Having said that, I must say I disagree with your presentation of current situation. You give the impression of a happy and peaceful Vojvodina immune from the devastation wrought upon the former Federal Republic of Yugoslavia, disturbed only by the “meddling” of the Hungarian government. And you say nothing about the corrosive role played by Serbian nationalism in enabling the calls made by Hungarian nationalists for Vojvodinan autonomy to gain a wider hearing.

Vojvodina’s recent history shows the dangers of such an approach.

One result of the ethnic cleansing of the hundreds of thousands of Serbs from Bosnia and Croatia after the Balkan wars of the early 1990s was the expulsion of Hungarian speakers from Vojvodina. According to the Hungarian Human Rights Monitor, “In many cases the settlers from Krajina have moved in by force into Hungarian homes while the Serb authorities failed to intervene. The Serb settlers from Krajina region are placed above the law and they receive preferential treatment over the indigenous Hungarian population in the areas of employment, housing and social assistance” (see: http:www.newforce.ca/huncor/organ/HHRM/mission.htm)

In its World Report 1998, Human Rights Watch say, “Most of the human rights abuses in Vojvodina have been committed by Serbian paramilitary organisations and armed civilians with the acquiescence of local authorities” The paramilitary groups “with the active assistance of the [Milosevic] regime .... terrorised non-Serbs and children of mixed marriages in a systematic campaign to drive them from their homes”. (see: http://www.hrw.org/worldreport/)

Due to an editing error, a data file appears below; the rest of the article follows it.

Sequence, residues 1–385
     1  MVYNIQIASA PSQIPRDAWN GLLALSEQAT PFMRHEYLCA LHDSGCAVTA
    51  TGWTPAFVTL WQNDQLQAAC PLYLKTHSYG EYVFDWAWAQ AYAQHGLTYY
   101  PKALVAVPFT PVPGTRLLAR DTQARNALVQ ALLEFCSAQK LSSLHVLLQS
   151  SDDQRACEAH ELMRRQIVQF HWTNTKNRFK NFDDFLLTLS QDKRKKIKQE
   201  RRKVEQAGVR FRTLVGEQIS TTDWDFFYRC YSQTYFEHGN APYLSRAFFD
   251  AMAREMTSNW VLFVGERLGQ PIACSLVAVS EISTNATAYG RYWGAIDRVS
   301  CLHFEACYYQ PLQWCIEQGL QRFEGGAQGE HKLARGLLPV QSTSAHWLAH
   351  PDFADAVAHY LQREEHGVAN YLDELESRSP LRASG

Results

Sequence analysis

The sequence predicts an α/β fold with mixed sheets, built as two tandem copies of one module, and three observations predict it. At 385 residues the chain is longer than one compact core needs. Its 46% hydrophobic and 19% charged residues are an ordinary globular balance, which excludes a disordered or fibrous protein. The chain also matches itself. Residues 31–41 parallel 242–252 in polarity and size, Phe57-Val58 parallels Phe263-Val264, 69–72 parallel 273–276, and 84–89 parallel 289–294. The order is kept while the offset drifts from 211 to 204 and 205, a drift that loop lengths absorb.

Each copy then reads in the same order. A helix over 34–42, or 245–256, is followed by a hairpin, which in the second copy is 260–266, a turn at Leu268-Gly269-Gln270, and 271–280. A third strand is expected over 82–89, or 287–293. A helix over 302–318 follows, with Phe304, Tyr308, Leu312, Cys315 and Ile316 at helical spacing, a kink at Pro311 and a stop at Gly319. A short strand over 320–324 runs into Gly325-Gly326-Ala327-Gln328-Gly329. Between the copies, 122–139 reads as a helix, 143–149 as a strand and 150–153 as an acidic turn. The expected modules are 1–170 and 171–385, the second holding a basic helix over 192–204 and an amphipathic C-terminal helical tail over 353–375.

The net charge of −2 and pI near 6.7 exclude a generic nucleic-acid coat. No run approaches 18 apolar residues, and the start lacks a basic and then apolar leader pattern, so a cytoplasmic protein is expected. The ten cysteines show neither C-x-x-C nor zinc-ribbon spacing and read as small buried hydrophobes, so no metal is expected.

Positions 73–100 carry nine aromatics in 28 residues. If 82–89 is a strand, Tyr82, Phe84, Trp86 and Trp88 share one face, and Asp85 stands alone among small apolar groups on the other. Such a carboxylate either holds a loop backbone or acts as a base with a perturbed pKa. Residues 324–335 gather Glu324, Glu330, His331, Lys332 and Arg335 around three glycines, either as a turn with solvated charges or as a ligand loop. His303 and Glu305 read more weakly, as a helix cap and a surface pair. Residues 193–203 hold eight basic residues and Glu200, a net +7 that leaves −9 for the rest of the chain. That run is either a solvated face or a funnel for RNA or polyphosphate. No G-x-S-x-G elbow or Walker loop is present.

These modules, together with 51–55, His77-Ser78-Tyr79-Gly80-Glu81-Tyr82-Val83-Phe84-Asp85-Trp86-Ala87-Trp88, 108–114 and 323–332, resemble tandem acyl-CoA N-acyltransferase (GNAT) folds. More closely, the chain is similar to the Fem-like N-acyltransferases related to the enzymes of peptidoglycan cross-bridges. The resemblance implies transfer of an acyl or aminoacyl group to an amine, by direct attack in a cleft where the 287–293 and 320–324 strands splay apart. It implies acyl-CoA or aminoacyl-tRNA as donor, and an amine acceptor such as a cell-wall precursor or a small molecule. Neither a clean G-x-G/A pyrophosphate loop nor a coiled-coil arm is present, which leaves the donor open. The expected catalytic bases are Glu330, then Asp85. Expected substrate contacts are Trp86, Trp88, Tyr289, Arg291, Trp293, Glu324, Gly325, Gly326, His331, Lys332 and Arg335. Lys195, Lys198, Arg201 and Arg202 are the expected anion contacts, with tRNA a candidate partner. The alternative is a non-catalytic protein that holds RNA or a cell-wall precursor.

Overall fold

Last year, Nenad Canak, leader of the League of Social Democrats of Vojvodina and speaker of the Vojvodina Assembly, warned, “Vojvodina will go towards independence to the extent pressure is exerted on it from Belgrade. Unfortunately, I must say that this pressure is growing”.

Canak, like many bourgeois political leaders, presently calls for “greater autonomy” or a “redefinition of the relationship between Serbia and Vojvodina,” but what are the implications of this?

As the World Socialist Web Site has explained, the break-up of Yugoslavia “began with the drive by the emerging bourgeoisies in Croatia and Slovenia—republics which enjoyed a far greater concentration of wealth than the rest of the country- to cut themselves off from the poorer regions and consolidate their own relations with the capitalist world market.” (see: Marxism, Opportunism and the Balkan Crisis).

In an October 17, 2001 report headlined “Vojvodina: Belgrade’s new headache,” BBC Online write, “As Yugoslavia’s breadbasket and producer of its modest output of oil, there’s growing support for the goal of keeping more of Vojvodina’s resources—and tax revenues—from going to Belgrade. That is a recipe for political wrangling and is bound to lead to further disputes with the central authorities.”

I would also remind you that until 1998, President Milo Djukanovic of Montenegro never called for independence, only for “greater autonomy” for the Republic of Montenegro.

The lesson from the Balkans over the last decade is that, in the absence of a unified socialist movement of the working class, all manner of petty bourgeois demagogues seek to exploit economic and social grievances for their own selfish interests.

The World Socialist Web Site is an implacable opponent of all forms of nationalism. Neither Serbian nationalism, nor the demands for Yugoslavia’s division into a collection of ethnically-based states, under the guise of national self-determination, has offered a progressive way forward for the mass of ordinary working people in the Balkans.

There is no answer to the problems of national divisions created by imperialism and its various agencies outside of a struggle to unite the workers of all nationalities on the basis of true social equality. For the peoples of former Yugoslavia this means the construction of the United Socialist States of the Balkans, with full rights for all national and ethnic minorities.


Paul Mitchell